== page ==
Federal expansion the real issue in debt ceiling debate

Michael Barone
Washington Examiner

It’s hard to keep up with all the arguments and proposals in the debt limit struggle. But what’s at stake is fundamental.

The bedrock issue is whether we should have a larger and more expensive federal government. Over many years federal spending has averaged about 20 percent of gross domestic product.

The Obama Democrats have raised that to 24 or 25 percent. And the president’s budget projects that that percentage will stay the same or increase far into the future.

In the process the national debt as a percentage of gross domestic product has increased from a manageable 40 percent in 2008 to 62 percent this year and an estimated 72 percent in 2012. And it’s headed to the 90 percent level that economists Kenneth Rogoff and Carmen Reinhart have identified as the danger point, when governments face fiscal collapse.

This is a level of spending as a share of the economy Americans haven’t seen since World War II. It seems more like Europe than like the America we have known.

President Obama insisted in his somber press conference Friday that he is willing to reduce federal spending from these levels. But he remained vague on specifics and intransigent in his demand that any debt limit deal include “revenue,” which translated into English means tax increases.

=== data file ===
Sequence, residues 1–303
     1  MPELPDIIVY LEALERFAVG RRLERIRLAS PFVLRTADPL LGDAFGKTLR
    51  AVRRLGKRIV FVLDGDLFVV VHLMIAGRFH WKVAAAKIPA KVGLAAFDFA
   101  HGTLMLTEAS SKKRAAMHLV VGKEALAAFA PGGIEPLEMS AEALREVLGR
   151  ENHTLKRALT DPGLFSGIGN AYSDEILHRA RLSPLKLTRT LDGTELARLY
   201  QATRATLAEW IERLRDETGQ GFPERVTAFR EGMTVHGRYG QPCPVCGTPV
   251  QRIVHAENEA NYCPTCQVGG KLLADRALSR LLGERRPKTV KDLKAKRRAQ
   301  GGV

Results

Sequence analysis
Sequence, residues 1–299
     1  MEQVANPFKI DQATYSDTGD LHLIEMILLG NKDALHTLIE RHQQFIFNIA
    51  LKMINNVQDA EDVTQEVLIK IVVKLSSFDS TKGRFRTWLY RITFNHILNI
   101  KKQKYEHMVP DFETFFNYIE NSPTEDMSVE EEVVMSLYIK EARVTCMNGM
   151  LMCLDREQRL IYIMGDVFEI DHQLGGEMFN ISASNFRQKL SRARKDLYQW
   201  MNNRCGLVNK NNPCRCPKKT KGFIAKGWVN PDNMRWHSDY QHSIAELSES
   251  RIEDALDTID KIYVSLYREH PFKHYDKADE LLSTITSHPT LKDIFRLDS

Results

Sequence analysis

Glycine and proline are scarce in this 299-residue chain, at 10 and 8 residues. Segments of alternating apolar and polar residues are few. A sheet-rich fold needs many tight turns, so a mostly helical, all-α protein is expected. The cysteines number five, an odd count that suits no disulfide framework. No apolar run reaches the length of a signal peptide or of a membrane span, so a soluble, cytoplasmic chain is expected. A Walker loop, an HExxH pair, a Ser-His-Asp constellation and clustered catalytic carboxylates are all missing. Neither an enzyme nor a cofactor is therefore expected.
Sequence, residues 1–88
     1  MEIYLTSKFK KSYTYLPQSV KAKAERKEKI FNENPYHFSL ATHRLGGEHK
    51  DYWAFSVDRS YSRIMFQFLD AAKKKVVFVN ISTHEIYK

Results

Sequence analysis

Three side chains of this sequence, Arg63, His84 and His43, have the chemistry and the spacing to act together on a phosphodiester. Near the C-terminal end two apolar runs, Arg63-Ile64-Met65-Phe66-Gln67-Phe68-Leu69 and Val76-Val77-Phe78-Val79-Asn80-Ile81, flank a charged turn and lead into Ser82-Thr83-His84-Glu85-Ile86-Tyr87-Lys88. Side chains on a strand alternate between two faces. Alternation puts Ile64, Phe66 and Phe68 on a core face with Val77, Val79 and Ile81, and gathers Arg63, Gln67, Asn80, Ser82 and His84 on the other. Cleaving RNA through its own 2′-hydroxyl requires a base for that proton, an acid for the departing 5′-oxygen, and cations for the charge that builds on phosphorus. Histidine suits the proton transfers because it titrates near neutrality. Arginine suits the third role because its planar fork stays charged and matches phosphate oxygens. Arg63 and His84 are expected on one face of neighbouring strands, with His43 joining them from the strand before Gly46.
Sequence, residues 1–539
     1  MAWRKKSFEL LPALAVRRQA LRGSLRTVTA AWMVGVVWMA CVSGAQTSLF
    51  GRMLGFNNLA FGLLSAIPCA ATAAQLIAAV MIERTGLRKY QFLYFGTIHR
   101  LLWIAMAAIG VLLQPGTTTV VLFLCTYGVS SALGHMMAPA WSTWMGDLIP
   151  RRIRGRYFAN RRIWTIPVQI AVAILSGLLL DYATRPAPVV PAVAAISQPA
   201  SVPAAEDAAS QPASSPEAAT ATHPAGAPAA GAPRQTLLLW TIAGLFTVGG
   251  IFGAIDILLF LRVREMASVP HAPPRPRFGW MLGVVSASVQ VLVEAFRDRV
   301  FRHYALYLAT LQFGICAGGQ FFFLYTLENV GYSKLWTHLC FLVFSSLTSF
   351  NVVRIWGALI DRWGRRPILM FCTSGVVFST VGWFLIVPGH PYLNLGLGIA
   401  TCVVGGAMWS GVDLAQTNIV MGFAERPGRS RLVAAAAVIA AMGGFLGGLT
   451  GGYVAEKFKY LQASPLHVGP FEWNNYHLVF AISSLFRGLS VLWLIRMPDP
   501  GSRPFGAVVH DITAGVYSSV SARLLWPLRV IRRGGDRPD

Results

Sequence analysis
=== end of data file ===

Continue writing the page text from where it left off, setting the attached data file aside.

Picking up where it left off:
Mainstream media has pummeled Republicans for pushing spending cuts and refusing to support tax increases in connection with raising the debt limit.

But Republicans had a mandate from the voters in November 2010 to advance such policies…

The article continues at the Washington Examiner.

Related:  Beck shreds Obama’s tax hike policy

…while the President calls for the rich to start paying even more, 49% of the population pays no taxes! “When you have 50% of Americans not paying their fair tax, somebody is paying their fair share, in fact, quite a bit more than their fair share and that is the wealthiest Americans. 1% of the country pay 40% of the tax burden,” Pat explained. “And then you’ll say, well, yeah, but they have all the wealth. No, they have about 24% of the wealth. So they are still paying more than their fair share.”…

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